Why study physics at CMU?
CMU offers a rigorous physics program that promotes thoughtful inquiry and will prepare you for graduate studies or a physics-related career. Consider these key features of this program:
- CMU's new supercomputer runs 30 times faster than computers on any other Michigan university campus
- CMU is among eight universities and six laboratories nationally that are part of a $15 million, five-year project to gain new insights into the physics of atomic nuclei
- Brooks Hall Astronomical Observatory
- Professional development through organizations such as the Society of Physics Students
According to the Bureau of Labor Statistics Occupational Outlook Handbook, for all occupations through the year 2014:
- Competition for jobs is expected, but graduates with a physics or astronomy degree at any level will find their knowledge of science and mathematics useful for many other occupations.
- Persons with a bachelor's degree in physics or astronomy may qualify for a wide range of positions related to engineering, mathematics, computer science, and environmental science; and, for those with the appropriate background, some nonscience fields, such as finance.
- Those who meet state certification requirements can become high school physics teachers, an occupation in strong demand in many districts.
Graduates of the physics program at CMU will find a variety of career opportunities. Some of these may require additional education.
- College or University Professor
- Environmental Scientist
- High School Science Teacher
- Laboratory Assistant
- Labor Relations Specialist
- Technical Writer
The course listings below are a representation of what this academic program requires. For a full review of this program in detail please see our official online academic bulletin AND consult with an academic advisor. This listing does not include the General Education courses required for all majors and may not include some program specific information, such as admissions, retention, and termination standards.
(Click on the course name or number for a complete course description.)
Total: 38-53 semester hours
University Physics I
Normally the first physics course for majors and minors. Mechanics of single and many-particle systems, conservation laws, statistical concepts, and gravitational interaction. Quantitative Reasoning. Pre/Co- Requisite: MTH 132.
University Physics II
Temperature and thermodynamics, electromagnetic interaction, electrical circuits, electromagnetic radiation, and optics. Not open to those with credit in PHY 131. Prerequisite: PHY 145. Pre/Co-requisite: MTH 133.
University Physics Laboratory I
Laboratory experience for PHY 145. Introduction to experimental techniques and the treatment of experimental data. Satisfies University Program Group II laboratory requirement. Pre/Co-requisite: PHY 145. (University Program Group II-B: Quantitative and Mathematical Sciences)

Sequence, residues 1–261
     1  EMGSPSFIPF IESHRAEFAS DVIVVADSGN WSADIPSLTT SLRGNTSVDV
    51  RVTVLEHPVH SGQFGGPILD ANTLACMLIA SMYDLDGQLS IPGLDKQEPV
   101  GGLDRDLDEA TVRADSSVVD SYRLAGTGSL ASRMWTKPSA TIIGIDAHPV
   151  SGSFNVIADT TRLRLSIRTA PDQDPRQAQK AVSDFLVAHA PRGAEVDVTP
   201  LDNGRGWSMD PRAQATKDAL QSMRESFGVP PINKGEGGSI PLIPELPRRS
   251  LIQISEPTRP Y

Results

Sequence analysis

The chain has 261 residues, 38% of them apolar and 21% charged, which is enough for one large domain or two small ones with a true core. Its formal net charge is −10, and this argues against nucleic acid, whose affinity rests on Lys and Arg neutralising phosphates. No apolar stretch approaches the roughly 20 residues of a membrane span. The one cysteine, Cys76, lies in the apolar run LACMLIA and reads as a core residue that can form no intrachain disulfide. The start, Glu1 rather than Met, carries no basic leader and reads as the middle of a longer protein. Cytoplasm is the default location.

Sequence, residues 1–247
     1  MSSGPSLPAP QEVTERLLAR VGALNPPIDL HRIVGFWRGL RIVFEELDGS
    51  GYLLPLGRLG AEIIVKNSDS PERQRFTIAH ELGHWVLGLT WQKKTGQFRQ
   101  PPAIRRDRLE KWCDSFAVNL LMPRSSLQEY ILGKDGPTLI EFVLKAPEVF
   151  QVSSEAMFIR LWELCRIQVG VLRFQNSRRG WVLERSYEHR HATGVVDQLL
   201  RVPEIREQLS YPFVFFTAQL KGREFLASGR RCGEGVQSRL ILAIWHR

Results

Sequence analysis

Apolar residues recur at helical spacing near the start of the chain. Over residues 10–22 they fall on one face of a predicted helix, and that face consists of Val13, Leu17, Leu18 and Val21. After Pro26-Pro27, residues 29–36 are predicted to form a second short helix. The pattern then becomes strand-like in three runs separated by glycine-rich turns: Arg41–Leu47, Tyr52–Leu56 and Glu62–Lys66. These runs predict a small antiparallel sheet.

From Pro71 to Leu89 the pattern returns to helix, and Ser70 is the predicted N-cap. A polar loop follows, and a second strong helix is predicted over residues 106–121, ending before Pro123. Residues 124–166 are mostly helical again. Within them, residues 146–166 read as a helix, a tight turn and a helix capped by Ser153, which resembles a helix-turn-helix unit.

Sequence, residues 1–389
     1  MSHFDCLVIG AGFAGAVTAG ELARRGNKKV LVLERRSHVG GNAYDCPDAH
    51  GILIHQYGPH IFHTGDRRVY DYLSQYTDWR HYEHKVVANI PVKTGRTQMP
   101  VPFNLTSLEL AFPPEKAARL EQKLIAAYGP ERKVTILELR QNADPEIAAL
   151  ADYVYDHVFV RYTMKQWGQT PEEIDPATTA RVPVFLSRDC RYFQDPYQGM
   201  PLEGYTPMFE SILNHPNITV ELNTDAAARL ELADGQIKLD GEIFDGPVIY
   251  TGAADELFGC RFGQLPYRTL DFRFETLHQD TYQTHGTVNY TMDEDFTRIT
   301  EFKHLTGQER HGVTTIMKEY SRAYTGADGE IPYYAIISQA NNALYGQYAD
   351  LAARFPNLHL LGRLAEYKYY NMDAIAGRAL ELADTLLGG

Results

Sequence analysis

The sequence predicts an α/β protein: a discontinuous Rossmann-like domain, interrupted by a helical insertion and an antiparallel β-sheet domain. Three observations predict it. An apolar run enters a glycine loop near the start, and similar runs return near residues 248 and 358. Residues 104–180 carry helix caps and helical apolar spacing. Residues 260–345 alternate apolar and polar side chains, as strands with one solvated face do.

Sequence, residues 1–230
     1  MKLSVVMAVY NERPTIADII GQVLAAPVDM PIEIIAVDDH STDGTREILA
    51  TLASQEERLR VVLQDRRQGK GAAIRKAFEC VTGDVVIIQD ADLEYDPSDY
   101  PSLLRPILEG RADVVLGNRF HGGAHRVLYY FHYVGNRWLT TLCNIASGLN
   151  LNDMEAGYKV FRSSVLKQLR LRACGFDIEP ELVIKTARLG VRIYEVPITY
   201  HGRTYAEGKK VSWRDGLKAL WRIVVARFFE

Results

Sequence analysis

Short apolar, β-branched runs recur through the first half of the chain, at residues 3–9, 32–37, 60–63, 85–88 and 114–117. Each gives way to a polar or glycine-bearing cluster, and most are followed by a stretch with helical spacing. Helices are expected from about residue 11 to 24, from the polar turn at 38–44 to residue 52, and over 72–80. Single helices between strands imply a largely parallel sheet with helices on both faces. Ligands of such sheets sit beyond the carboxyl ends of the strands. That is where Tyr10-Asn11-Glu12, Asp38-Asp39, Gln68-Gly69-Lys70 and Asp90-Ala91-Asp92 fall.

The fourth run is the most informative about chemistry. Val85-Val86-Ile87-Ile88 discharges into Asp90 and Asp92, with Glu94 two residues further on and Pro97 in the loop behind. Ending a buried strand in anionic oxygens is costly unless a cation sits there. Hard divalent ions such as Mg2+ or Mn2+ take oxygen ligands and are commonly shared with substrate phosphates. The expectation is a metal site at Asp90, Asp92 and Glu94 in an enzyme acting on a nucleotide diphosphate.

University Physics Laboratory II
Laboratory experience for PHY 146. Introduction to electrical measurements and instrumentation. Introduction to techniques of optical measurements. Prerequisite: PHY 175. Pre/Co-Requisite: PHY 146.
Introduction to Modern Physics
Historical development of modern physics; introduction to special relativity, atomic structure, and elementary quantum theory. Quantitative Reasoning. Prerequisites: PHY 146 or 131; MTH 132. Recommended: MTH 133.
University Physics Laboratory III
Laboratory experience for PHY 247. Introduction to the techniques of electron and photon physics. Pre/Co-Requisite: PHY 247.
Introduction to Mathematical Physics
Introduction to the mathematical concepts and techniques used in mechanics, electromagnetism, and quantum mechanics. Pre/Co-Requisites: PHY 247; MTH 233, 334.
Newtonian mechanics of particles and systems of particles: conservation theorems, gravitation, oscillations, central force motion, Lagrangian and Hamiltonian dynamics, and two-particle collisions. Pre/Co- requisites: PHY 247; MTH 233, 334.
Electricity and Magnetism
Electrostatic fields in vacuum and in dielectrics, magnetic fields associated with constant and variable currents, magnetic materials, Maxwell's equations. Prerequisite: PHY 247; MTH 233, 334.
Introductory Quantum Theory
Introduction to quantum theory, Schrödinger equation, operators, angular momentum, harmonic oscillator, atomic hydrogen, perturbation theory, identical particles, radiation. Some applications will be considered. Prerequisites: PHY 312, 322, 332.
Introduction to equilibrium thermodynamics and elementary statistical mechanics. Prerequisite: PHY 312, PHY 322.
Senior Physics Project
Capstone experience for physics majors. Students enroll during their penultimate semester on campus. Prerequisites: PHY 312, 322, 332, 578. Prior permission of instructor.
Selected experiments utilizing the techniques of modern experimental physics. Prerequisite: PHY 277.
With the approval of an advisor, select courses having as prerequisite a course in the required major sequence.
Limits, continuity, interpretations of the derivative, differentiation of elementary functions, applications of derivatives, antiderivatives, Riemann sums, definite integrals, fundamental theorem of calculus. This course may be offered in an online or hybrid format. Recommended: MTH 106, 107; or MTH 130. (University Program Group II-B: Quantitative and Mathematical Sciences)
Techniques of integration, applications of definite integrals, improper integrals, elementary differential equations, infinite series, Taylor series, and polar coordinates. Prerequisite: MTH 132.
Vectors and surfaces in R3, vector-valued functions, functions of several variables, partial differentiation and some applications, multiple integrals, vector calculus. Prerequisites: MTH 133. Pre/Co-Requisites: MTH 223 or 232.
Definition and solution of first, second, and higher order differential equations. Prerequisites: MTH 133, MTH 223.